FFA student tend a community garden

A helping harvest

Answer Plot® Community Gardens give students the chance to give back

Brad Taylor stands at the edge of the garden, watching as the Roland-Story High School FFA students work. Fridays are harvest days. The scene unfolds like a choreographed dance. Pulling weeds, moving baskets, offering helping hands—everyone knows their part.

A voice breaks into the group, “Could you guys tackle the potatoes?”

Quickly, the students are on the move, grabbing tools and gloves, ready to start digging.

“They could do this in their sleep,” chuckles Brad, the students’ FFA adviser. “Some of them have worked on the garden since it started three years ago.”

Volunteers Holding Peppers And Green Peas

At the Roland-Story Answer Plot® Community Garden in Story City, Iowa, the concept is simple—grow food for people in need within the community. This is important work that the Land O’Lakes Foundation is proud to support through our Answer Plot® Community Gardens program. Our WinField Master Agronomists and member cooperatives began partnering with the National FFA Organization to grow, maintain and harvest gardens at five Answer Plot® locations in five states. Today, the number has grown to 27 gardens in 13 states.

All in a day’s work

The students in Story City take turns maintaining the garden throughout summer break, even though they aren’t in school. Each week, everyone scouts the field for produce that’s ready to be picked, packed and loaded into Brad’s truck. A little more than 24 hours later, clients of the Loaves & Fishes food pantry in Story City are able to take home some of the freshest food Mother Nature has to offer.

Volunteers Digging In A Field

This same scene takes place at Community Gardens throughout the country. FFA students, under the direction of their adviser, weed, till, water and harvest their plot of land. The students themselves deliver the week’s produce to their community’s food shelf. And while each year the gardens grow in size and variety, what they teach students doesn’t change.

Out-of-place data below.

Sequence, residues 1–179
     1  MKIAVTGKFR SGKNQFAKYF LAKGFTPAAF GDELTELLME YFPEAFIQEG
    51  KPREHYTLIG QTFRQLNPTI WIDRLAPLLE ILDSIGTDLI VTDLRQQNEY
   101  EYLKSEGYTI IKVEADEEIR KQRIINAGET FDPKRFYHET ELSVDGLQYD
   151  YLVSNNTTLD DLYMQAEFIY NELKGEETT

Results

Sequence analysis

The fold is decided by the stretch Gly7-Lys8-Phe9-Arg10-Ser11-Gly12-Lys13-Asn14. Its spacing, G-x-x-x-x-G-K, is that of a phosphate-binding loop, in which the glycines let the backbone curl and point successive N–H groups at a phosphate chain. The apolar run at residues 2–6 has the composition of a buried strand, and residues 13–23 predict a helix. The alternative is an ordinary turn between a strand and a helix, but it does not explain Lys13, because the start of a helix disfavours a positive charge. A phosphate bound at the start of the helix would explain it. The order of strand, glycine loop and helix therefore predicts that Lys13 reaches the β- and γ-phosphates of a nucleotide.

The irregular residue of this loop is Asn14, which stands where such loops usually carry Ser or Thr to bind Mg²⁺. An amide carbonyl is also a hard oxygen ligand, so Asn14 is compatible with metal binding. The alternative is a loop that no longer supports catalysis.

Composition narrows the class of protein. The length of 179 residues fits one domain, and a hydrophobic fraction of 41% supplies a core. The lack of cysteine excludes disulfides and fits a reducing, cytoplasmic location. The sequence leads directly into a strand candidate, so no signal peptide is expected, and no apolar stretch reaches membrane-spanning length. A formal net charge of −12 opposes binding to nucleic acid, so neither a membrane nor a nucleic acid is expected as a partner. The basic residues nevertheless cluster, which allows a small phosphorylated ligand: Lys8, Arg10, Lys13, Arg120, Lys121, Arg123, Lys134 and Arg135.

Cultivating compassion and careers

The program provides more than fresh produce for community food programs. It gives students an opportunity to serve their communities and learn more about agriculture and related careers. Many students have gone on to college with the intent of pursuing ag degrees. And not just for farmingfor research, communications and sales careers, too. But what really sticks out for the students is how good it feels to give to others.

“It’s a rewarding feeling,” says Will McGraw, a senior at Roland-Story High School. The students gathered nearby nod in agreement.

To date, the Roland-Story City Community Garden has donated more than 5,400 pounds of produce, but Brad wants to do more.

“We want to make it bigger next year,” he smiles. “And maybe plant some new stuff, too.”